Presenters at the International Association of Chiefs of Police conference will discuss innovations in safety, communications and operational technologies.
As the electronic logging devices (ELD) mandate was working its way towards implementation, some industry experts predicted that driver productivity would decline by 10 percent, given the rigid regulation of hours of service (HOS). However, many fleets are finding ways to profit from the installation of onboard electronics, because ELD solutions have more to offer than just HOS recording.
The industry has indeed experienced a tightening of capacity due to the ELDs, but according to an analysis by FreightWaves, drivers are spending more of their time driving than they had been before the mandate. Two months post-implementation, drivers had increased their average midweek per-day driving time to seven hours, up from 6.52 hours before the ELD mandate went into full effect. Though it may seem like a marginal increase, it equates to an extra $54 per day in revenue for each of the 860,000 for-hire trucks operating today — a sizable total difference of $46.4 million in daily revenue.
Discipline Creates Capacity
The flow of data from ELDs is helping fleets improve their discipline by increasing productivity on the road and identifying shippers and receivers that waste drivers’ time. More than half of the drivers in a DAT survey said they spend three to five hours waiting to get loaded. Trucking companies typically offer two hours of waiting time and charge detention fees of $30 to $50 per hour after that.
With data from the ELD, fleet managers can see locations where trucks have to wait an unreasonably long time to load or unload, which reduces the driver’s available driving time. Fleets can also use the data to incentivize customer behavior, such as prioritizing service to locations that respect drivers’ time or imposing fees for wait times longer than the two-hour free period.
A number of larger fleets such as Schneider and Old Dominion had adopted ELDs or Automatic Onboard Recording Devices (AOBRD) prior to the 2018 deadline and had worked through any capacity constraints. Many fleets adopted in-cab ELD solutions using Samsung mobile devices such as the Tab Active2 rugged tablet for efficient fleet management. (Fleets still relying on AOBRD have until Dec. 16, 2019 to upgrade to ELD.)
Added Apps Drive Profitability
Fleets that use tablets to manage ELD can also deploy mobile apps to enhance performance, such as through route optimization. By creating routes with HOS restrictions in mind, fleets can minimize time lost to scouring truck stops for scarce parking spaces — a prominent challenge since the mandate took effect.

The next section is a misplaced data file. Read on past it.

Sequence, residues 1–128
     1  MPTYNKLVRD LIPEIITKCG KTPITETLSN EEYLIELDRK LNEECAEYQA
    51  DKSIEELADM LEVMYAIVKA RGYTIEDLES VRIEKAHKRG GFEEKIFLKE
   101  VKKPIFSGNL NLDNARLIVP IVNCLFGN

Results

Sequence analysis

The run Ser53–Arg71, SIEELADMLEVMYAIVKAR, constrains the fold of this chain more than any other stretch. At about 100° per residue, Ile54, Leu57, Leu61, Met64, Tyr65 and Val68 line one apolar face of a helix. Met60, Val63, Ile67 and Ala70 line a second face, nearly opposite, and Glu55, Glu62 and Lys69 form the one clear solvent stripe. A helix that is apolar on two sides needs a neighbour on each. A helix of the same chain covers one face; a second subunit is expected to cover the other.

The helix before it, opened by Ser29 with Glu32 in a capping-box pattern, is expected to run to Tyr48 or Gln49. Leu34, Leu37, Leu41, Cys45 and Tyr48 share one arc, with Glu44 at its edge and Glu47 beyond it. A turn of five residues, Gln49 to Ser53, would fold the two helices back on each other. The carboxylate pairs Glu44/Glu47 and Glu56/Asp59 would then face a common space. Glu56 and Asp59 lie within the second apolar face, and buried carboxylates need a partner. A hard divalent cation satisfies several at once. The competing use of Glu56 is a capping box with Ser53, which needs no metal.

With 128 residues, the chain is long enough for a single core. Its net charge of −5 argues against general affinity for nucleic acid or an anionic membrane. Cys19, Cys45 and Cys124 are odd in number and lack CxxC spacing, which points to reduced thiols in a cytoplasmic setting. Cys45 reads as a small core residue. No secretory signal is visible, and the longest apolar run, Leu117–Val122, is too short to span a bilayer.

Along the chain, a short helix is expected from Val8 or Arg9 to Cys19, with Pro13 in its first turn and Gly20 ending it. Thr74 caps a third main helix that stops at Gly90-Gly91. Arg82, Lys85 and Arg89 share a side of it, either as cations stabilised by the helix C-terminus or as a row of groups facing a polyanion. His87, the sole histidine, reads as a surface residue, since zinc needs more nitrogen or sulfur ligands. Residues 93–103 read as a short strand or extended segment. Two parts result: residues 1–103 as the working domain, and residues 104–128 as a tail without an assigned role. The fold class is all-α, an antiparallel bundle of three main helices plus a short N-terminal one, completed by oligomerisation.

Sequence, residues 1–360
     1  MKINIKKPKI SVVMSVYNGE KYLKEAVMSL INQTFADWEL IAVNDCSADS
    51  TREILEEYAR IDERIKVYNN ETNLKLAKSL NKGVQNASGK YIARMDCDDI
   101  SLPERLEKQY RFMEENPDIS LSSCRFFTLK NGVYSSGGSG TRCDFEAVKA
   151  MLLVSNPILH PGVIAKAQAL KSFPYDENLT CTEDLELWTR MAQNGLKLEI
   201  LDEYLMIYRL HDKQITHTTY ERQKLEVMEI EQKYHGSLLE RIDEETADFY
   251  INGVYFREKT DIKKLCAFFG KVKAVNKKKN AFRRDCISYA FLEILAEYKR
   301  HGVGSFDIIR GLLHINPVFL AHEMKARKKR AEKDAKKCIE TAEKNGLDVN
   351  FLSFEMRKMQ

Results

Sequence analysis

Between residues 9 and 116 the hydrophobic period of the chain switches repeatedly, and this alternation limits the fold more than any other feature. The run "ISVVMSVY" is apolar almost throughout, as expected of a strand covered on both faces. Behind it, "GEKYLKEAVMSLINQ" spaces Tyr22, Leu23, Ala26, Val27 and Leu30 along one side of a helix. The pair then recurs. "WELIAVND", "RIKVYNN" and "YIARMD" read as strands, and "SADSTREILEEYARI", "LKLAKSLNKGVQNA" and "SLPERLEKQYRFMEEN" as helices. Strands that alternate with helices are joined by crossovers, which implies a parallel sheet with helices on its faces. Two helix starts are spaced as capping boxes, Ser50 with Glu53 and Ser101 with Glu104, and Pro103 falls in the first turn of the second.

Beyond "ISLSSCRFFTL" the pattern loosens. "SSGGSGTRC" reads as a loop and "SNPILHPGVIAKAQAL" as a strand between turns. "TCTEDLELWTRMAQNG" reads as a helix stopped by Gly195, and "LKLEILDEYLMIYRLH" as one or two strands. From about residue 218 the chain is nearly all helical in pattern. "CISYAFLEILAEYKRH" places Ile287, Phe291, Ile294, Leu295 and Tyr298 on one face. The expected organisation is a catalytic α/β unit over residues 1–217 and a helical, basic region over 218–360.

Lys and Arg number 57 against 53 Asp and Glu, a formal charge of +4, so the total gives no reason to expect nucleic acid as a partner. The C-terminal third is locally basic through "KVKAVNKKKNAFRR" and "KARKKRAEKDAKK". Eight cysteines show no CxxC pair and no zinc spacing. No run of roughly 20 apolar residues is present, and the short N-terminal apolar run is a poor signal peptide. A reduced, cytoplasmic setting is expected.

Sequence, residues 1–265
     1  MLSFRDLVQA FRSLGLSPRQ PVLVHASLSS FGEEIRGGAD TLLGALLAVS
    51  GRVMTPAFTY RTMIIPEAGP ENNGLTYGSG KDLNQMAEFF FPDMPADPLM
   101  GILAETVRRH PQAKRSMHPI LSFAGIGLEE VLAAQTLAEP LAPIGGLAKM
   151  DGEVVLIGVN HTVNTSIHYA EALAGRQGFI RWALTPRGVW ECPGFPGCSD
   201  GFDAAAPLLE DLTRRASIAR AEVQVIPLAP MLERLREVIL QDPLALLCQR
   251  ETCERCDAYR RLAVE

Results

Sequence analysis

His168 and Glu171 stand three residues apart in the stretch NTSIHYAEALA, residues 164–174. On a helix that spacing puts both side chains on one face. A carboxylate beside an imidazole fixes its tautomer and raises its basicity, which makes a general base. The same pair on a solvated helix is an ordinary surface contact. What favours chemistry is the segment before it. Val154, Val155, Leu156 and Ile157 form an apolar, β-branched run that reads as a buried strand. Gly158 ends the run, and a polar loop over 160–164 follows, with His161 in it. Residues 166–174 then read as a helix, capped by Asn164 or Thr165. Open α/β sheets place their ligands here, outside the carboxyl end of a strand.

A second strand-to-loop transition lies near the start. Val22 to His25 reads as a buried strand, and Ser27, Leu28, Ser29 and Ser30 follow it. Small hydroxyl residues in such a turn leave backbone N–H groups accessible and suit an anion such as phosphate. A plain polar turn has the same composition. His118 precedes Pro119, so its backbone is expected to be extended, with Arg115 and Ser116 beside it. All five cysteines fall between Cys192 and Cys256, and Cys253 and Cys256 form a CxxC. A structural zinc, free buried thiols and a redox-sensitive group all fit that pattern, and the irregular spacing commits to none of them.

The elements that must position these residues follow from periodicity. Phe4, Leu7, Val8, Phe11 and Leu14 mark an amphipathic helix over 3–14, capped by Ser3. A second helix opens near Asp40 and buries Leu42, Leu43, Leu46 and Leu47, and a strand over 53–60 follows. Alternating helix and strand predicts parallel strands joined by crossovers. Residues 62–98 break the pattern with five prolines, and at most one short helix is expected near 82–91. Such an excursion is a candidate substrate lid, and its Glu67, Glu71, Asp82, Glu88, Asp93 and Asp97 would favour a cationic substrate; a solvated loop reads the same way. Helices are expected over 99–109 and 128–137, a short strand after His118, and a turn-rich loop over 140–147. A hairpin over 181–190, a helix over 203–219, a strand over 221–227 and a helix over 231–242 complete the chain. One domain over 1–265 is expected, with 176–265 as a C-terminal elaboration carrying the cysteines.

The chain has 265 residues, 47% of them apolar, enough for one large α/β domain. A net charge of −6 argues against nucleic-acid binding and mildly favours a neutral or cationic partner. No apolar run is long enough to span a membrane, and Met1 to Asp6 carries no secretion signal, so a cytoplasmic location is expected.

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With ELDs, drivers are able to track their time down to the minute, compared to only 15-minute increments on the paper logs. Drivers can gain back driving time each day simply by leveraging that level of precision. Fleet managers can identify shippers and consignees that take too long to load or unload or cause other headaches for drivers. They can also identify those drivers that are the most productive in using their allotted driving time.
Using the data from the ELDs, fleet managers can effectively regain capacity without adding drivers or trucks by ensuring each truck is working as efficiently as possible.
Big Data Improves Fleet Performance
For carriers making the switch from paper logs, the fleet telematics capabilities of the ELD can provide new insights into their business. The ELD is wired to the truck’s engine, so it automatically records all engine-related events, including starting, stopping, acceleration and deceleration. Fleet managers can use this visibility to address fleet performance and control driving-related costs, such as fuel consumption. This can enable cost-saving measures that help offset any capacity lost to HOS compliance.
With ELD solutions, carriers can measure a variety of productivity metrics, such as mpg per driver, idle time and acceleration. Navigation data can reveal the most efficient routing to improve overall fleet utilization. Fleet managers can use this data to coach and train drivers to follow driving regulations and use driving techniques that save fuel and reduce wear and tear on the vehicles.
Fleet managers can use the analytics and tools to keep trailers full and on schedule, ensuring every mile is as profitable as it can be. Making the investment to run a more disciplined operation will pay off in the long run.
As the industry settles into the post-ELD era, fleets are moving beyond ELD compliance to capitalize on the power of fleet telematics. Those truckers who adapt to the new environment will improve fleet performance over the long haul.
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